No connection at all. I remember an essay someone wrote -- I forget where -- that expressed genuine astonishment that I'd begun as a so-called crime novelist and ended up writing Wittgenstein. But will it make sense if I say that I was never a -- quote -- crime novelist? I was always the person who was going to write Wittgenstein and the others, but at that earlier juncture I simply wasn't getting it done. So this was simply a way to keep my hand in, so to speak. And I'd been a paperback editor for a few years, so that I'd read a good deal more of that stuff than I ever would have normally -- meaning I knew how to do it. The third of them, called Miss Doll, Go Home, came about only because someone asked me to write a comic crime film script -- and even before it didn't get made I'd asked my editor is she'd take a fictional version of the thing. Well, and then even Dingus Magee, though it's infinitely closer to literature then those other things, got started as something of a fluke too. Earlier, I'd written some Western stories for magazines, and on that basis a different editor asked me to do a Western novel. But the minute I started I realized that concept bored me, so I turned it into a satire. And eureka, made money on it too. The only time in my life I've ever had a real payday.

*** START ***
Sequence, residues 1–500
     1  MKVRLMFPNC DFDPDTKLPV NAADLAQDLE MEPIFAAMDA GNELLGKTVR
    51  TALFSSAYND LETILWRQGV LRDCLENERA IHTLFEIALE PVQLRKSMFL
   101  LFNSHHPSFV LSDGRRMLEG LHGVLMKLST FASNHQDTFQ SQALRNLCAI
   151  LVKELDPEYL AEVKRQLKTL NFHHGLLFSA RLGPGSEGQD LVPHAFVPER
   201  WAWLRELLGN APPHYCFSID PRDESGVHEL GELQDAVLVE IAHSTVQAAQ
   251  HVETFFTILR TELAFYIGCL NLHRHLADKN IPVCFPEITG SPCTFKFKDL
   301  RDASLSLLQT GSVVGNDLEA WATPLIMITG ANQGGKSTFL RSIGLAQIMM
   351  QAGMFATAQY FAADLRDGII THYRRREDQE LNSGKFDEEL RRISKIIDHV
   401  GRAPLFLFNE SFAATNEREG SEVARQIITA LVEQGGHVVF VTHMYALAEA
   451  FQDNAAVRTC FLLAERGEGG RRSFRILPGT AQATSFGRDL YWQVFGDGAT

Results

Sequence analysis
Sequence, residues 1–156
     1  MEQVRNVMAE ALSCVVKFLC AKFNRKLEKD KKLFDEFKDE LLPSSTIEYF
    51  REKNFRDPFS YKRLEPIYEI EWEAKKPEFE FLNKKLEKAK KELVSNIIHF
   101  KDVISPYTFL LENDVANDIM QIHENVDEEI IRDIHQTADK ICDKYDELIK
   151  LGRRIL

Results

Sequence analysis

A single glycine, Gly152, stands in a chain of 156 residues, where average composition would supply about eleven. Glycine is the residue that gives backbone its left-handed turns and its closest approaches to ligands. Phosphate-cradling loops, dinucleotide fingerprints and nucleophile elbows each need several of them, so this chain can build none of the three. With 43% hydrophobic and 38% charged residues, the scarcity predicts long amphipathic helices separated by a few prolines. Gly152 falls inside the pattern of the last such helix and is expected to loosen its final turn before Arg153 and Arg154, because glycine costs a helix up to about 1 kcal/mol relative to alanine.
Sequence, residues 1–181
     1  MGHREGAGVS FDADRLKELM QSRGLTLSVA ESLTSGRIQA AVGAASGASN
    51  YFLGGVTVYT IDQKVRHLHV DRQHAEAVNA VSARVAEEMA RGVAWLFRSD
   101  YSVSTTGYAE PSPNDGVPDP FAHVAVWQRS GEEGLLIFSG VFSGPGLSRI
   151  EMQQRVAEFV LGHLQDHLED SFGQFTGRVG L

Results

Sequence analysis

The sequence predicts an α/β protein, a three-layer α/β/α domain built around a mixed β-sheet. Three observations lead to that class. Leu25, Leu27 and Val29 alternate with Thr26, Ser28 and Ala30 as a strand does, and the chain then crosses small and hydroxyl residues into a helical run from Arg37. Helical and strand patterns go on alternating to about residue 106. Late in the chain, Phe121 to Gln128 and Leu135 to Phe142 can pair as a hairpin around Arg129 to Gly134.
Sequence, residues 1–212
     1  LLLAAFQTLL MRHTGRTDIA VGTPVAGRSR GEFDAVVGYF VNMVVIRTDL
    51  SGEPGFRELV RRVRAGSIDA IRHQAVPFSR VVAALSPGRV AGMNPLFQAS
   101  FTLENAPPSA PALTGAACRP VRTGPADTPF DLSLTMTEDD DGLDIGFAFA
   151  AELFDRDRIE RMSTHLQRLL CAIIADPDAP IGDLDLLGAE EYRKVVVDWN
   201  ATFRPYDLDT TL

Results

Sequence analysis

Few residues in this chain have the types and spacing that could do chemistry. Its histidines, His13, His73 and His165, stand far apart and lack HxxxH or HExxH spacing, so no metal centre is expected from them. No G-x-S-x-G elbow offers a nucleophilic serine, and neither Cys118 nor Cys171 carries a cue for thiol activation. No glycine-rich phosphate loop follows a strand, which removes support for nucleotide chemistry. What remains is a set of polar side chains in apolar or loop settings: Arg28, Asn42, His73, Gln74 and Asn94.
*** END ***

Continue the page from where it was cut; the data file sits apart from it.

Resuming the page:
Which was almost forty years ago, if I'm correct. And now you are the author of Wittgenstein and all the rest. And yet, still something of a token underappreciated author. How do you feel about that?

Token, I love the word, yes. I seem to get written about that way, lately. Somebody sent me a clipping from the Los Angeles Times, and somebody else sent the same thing from The Chicago Tribune, about some bloggers banding together to promote authors they feel haven't reached the audience they deserve -- such as "the David Markson's of our world," or something like that. And then in the Times here in New York there was something similar, a passing mention of little-recognized writers, and naming me among them. One of my friends told me to be careful before I become well known for being unknown.

How does it make you feel, not being as widely acclaimed as many of us believe you should be? Is it frustrating?